The Chicago Cubs' 2012 season came to a merciful end Wednesday. While the arrival last winter of new team president Theo Epstein -- who previously won two World Series rings as general manager of the Boston Red Sox -- raised hopes for a better future, fans of this most star-crossed of sports teams knew it would take some time to turn this threadbare franchise into a winner. Still, even by the Cubs' notorious standards, a record of 61-101 was pretty much fans' worst nightmare for this "rebuilding year."
My season of live baseball-watching ended two days earlier, with a 3-0 loss to the Houston Astros, the only major league team with a worse record (55-107) than the Cubs. This also happened to be the Cubs' 100th loss, the first time the team had bottomed out that badly since 1966. Bad news for the little bears, indeed.
The following photo shows what was, for me, the game's only highlight.
Now, unless you are a Michigan State Spartisan, as I am, you might be asking, "What the heck is this?" Well, Monday happened to be Big 10 Night at Wrigley Field, and the local Michigan State alumni club, of which I'm a board member, happened to sell more tickets to the game than any other school's club. That earned MSU the right to throw out the ceremonial first pitch, and Sparty, the team's popular mascot, made a special Chicago appearance to do the honors.
But after that, seriously, nothing good happened. The Astros got the only run they would need on a long home run leading off the 2nd inning by Fernando Martinez -- no, I'd never heard of him either -- and added single runs in the 4th and 8th. The Cubs mustered two hits in the first four innings, before the Astros' less-than-illustrious pitching staff retired the last 18 batters they faced.
This was the 12th game I attended at Wrigley this year, and it was the seventh time that the baleful blue "L" (for "loss") flag flew atop the big scoreboard after the game ended.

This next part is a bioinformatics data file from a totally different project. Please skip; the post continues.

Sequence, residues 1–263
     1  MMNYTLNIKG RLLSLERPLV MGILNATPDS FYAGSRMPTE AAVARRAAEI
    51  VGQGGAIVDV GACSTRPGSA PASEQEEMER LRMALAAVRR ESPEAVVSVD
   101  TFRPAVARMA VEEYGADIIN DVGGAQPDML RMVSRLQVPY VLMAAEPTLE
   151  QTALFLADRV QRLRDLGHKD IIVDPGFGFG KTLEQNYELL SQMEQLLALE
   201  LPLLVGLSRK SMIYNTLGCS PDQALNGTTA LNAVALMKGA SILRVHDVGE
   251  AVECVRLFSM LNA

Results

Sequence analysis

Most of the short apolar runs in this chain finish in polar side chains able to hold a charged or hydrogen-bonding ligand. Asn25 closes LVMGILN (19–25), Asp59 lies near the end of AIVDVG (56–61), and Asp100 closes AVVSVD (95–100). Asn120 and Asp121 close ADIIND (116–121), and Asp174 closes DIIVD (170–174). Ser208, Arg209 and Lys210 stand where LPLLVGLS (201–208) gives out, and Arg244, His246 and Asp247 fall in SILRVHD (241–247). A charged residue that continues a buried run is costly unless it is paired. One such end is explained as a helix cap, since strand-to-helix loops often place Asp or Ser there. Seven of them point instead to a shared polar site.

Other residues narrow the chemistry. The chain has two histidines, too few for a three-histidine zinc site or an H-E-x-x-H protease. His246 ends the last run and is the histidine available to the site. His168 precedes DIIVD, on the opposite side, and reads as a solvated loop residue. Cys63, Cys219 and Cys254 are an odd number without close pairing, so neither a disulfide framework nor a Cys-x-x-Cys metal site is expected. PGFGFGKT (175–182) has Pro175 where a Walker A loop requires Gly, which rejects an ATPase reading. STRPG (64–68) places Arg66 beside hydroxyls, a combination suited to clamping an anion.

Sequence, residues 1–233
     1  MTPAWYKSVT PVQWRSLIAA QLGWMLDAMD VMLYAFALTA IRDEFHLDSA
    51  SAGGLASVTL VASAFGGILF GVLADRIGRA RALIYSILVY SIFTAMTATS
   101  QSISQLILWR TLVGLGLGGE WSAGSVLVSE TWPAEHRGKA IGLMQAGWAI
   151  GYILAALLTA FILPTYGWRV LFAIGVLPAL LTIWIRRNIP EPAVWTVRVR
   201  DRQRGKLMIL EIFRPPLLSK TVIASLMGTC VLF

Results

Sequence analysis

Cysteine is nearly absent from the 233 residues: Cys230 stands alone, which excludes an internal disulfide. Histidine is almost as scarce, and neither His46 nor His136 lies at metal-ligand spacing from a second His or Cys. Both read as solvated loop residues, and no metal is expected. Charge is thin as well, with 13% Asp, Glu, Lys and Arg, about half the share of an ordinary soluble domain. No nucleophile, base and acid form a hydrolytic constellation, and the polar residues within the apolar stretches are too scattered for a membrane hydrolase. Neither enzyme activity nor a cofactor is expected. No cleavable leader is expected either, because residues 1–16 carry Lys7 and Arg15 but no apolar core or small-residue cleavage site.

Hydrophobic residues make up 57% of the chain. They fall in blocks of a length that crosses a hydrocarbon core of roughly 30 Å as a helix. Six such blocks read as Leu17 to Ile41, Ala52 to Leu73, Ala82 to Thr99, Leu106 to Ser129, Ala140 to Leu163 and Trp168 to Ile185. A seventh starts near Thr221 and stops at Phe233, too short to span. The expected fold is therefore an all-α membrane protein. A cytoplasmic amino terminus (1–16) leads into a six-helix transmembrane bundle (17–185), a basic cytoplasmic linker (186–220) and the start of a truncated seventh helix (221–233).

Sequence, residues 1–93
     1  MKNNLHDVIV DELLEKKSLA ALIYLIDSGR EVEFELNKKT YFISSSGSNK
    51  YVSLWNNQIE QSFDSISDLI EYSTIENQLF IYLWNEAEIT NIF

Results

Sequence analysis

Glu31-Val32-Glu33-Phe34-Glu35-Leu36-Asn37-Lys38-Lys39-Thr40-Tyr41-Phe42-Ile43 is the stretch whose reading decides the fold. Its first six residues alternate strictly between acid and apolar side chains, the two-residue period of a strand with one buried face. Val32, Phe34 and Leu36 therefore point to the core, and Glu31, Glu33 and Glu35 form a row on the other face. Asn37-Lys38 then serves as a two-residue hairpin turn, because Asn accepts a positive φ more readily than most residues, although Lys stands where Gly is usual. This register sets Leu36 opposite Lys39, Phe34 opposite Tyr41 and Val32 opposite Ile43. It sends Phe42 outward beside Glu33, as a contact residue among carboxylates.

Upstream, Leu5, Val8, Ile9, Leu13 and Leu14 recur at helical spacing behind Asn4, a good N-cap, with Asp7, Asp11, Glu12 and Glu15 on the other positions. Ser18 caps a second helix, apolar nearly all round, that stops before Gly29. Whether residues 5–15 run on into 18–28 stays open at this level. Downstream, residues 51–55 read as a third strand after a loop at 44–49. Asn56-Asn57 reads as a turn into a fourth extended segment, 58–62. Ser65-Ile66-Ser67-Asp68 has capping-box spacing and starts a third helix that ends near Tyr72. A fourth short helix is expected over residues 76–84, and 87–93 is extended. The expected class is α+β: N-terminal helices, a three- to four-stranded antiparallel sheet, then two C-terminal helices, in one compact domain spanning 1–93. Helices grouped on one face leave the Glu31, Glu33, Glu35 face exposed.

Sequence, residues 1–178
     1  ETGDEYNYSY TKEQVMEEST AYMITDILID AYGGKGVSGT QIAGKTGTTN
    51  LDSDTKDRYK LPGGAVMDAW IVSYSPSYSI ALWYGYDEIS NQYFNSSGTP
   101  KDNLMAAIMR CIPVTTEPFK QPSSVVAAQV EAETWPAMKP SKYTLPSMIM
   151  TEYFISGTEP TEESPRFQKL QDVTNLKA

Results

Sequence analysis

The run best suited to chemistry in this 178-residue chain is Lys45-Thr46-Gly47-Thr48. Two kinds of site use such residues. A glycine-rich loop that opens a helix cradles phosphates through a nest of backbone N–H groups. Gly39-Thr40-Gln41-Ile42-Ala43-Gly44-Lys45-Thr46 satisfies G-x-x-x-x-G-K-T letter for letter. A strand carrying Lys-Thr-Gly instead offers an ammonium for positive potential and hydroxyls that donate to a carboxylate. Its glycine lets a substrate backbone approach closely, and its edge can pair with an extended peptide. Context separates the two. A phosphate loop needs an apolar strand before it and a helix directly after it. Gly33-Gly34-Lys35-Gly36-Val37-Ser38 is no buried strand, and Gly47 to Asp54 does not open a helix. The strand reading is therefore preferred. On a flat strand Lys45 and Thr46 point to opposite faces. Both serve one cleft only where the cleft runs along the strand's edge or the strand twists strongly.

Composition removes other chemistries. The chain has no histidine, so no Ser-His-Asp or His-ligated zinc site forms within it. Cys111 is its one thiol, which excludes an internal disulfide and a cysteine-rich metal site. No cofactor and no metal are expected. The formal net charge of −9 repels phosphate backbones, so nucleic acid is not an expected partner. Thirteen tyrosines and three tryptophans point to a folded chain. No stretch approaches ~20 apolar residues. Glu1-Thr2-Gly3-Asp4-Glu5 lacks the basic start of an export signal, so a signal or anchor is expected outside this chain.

Now a record of 5-7 as a fan isn't much to write home about, but given the Cubs' overall record, it almost qualifies me as a good-luck charm.
At least the weather Monday night was cool but comfortable, a contrast to the hypothermic Opening Day game April 5 that the Cubs lost, 2-1, to the Washington Nationals. That matchup contained some portent, and perhaps at least a dim ray of hope, for Cubs fans.
The Nationals -- who had been a perennial doormat since the former Montreal Expos moved to Washington in 2005 -- suddenly emerged as a powerhouse, finishing in first place in the National League Eastern Division with a record of 98 wins and 64 losses. Just two years ago, in 2010, the Nationals finished last in the NL East with a record of 69-93. It takes a lot of right moves for a team to reverse its fortunes that quickly, but it can be done.
The same lesson can be taken from the Baltimore Orioles, a team for which I rooted for the 30 years I lived in the Washington, D.C. area before I moved to Chicago last year. The Orioles, once one of baseball's proudest franchises, tormented their fans with 15 consecutive futile seasons, when they suddenly emerged as this year's Cinderella team, winning 93 games, qualifying for one of the American League's two wild card slots and taking the mighty New York Yankees to the last day of the regular season in the race for first in the AL East.
My friends have taken great pleasure in teasing me about the fact that the Nationals and Orioles both qualified for the playoffs in the first full baseball season since I left DC, while the Cubs did what they did during my first full year living in Chicago. O.K., if I'd known that my departure would have such a beneficial impact on the fortunes of the Baltimore and Washington teams, I would have gladly moved sooner.
But given that this year marked the 104th season since the Cubs last won the World Series, you'll forgive me if I don't accept personal responsibility for the North Siders' downfall this year.
April will come around soon enough, and we'll chat soon about what fragments of hope Cubs fans can salvage from the wreckage of the 2012 season. In the meantime, enjoy the playoffs. I badly spent a whole lot of money watching the Nats and Orioles lose when I still lived in Washington. So I've got legacy rights, and I'm not afraid to use them.